Queenstown harbor
Queenstown harbor

The rest of the day involved facetiming my parents, making margaritas in the room, watching TV, and then heading back to town to find ourselves some dinner.  We went to a dumpling restaurant that we had seen the previous night; Queenies Dumplings.  We shared a miso soup and the mixed dumplings of chicken, shrimp and lamb.  It was fast, cheap and delicious and offered great people watching.  We set off to find more food and went to a food court where we unsurprisingly got Thai Pad Kee Mao to takeaway back to the harbor.  It was nice weather and the spot for street entertainers where we watched a guitarist and a magician only 50′ apart from one another.  We stopped at the grocery store before heading to the hotel still tired.

Friday, January 16th 2015

We had another early wakeup call.  We made breakfast on the campstove of scrambled eggs, with bell peppers and that leftover sausage and potatoes.  It was hearty and got us out the door in time to get picked up by the Jucy coach to take us to Milford Sound.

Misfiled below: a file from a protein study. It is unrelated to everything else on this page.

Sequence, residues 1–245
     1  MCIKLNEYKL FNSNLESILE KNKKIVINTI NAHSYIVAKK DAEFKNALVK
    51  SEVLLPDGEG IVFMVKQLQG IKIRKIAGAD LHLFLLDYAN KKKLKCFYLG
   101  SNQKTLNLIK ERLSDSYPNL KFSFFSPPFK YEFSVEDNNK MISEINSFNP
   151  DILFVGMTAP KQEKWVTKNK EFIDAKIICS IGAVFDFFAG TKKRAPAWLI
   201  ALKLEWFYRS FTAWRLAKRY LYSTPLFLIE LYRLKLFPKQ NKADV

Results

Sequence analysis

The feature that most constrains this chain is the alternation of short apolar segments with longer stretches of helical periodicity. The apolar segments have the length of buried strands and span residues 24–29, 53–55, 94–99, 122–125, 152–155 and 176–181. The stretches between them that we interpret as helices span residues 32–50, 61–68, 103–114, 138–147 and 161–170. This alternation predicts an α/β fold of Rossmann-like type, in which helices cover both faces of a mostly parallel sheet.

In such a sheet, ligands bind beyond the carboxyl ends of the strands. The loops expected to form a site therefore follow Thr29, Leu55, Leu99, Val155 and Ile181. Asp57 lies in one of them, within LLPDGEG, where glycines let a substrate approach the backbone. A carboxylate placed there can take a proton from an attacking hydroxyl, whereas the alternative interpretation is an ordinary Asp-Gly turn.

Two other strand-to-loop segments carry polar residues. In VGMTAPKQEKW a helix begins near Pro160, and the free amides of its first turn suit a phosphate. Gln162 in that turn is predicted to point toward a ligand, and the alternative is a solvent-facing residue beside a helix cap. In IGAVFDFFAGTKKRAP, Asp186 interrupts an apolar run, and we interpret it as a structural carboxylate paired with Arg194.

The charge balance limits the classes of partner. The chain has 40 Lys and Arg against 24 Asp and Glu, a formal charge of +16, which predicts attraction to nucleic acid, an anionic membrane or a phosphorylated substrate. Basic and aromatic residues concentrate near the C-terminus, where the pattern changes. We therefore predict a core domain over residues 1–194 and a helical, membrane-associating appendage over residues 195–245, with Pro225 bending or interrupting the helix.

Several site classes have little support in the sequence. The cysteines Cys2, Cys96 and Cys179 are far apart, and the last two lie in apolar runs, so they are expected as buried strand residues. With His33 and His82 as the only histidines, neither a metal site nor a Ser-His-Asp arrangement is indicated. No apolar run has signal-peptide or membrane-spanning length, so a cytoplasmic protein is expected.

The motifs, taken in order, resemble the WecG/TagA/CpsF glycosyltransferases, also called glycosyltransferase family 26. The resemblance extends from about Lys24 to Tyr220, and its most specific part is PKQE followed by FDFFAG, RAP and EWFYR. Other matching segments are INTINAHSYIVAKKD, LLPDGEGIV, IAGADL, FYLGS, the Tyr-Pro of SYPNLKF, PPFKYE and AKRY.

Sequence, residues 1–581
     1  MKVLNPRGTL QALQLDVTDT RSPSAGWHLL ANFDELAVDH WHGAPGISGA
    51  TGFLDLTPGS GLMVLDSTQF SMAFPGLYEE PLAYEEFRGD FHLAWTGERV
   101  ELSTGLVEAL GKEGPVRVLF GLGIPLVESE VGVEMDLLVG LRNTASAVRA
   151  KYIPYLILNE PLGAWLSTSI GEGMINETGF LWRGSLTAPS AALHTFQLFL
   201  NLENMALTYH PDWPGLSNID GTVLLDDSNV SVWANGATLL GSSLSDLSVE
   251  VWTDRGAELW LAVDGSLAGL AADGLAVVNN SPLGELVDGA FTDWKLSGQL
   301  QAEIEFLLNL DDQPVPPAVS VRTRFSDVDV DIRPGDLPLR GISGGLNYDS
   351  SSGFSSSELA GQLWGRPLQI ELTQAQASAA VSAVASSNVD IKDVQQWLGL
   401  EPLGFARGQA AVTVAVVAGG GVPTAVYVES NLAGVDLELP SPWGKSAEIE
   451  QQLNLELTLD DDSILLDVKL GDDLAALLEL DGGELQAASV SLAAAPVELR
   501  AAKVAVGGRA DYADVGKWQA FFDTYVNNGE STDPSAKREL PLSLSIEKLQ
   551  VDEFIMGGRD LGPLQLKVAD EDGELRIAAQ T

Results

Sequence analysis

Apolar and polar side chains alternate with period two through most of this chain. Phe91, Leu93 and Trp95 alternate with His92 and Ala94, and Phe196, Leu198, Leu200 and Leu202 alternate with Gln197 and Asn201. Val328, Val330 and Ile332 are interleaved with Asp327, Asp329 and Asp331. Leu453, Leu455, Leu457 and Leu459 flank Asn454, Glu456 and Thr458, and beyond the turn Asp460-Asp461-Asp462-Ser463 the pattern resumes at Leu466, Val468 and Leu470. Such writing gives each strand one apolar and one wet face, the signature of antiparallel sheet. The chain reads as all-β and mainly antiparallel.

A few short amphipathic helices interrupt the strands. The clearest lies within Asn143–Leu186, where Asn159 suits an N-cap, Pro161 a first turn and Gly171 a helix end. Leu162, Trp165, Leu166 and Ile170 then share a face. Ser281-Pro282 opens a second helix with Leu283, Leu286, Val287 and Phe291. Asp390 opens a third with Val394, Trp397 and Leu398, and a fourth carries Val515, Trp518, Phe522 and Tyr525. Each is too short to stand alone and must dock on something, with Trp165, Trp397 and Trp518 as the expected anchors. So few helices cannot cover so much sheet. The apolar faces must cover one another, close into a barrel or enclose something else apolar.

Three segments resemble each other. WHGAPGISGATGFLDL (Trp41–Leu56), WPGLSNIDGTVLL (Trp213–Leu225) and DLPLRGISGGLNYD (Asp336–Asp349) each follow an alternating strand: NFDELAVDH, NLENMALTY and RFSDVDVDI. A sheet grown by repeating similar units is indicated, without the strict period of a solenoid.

The coach was a great way to do the trip since it is about 8 hours of driving round trip and allowed us to just see the sights and provided commentary from our bus driver, who was very good.  Our first stop was the town of Te Anau where we were given a 30+ minute break to get food or use the restroom.  We headed to Miles Better Pies for the best meat pies in NZ.  We chose the steak, bacon and mushroom pie to share (we weren’t very hungry with breakfast not that long ago).  We thoroughly enjoyed the amazing hearty pie on a bench along Lake Te Anau.  We enjoyed it so much that Bryan picked up a venison pie on the way back to the bus.  We were on he road again for the last 2 hours of the drive with several pit stops.  We enjoyed a beautiful valley, Mirror Lakes, a stop to see more Keas, and a walk to see the Chasms.  After a long drive through a one lane tunnel we entered Milford Sound.  The earlier rains had created dramatic waterfalls and the mist upplayed the majesty of the area.  The walls are several hundred feet high and remarkable.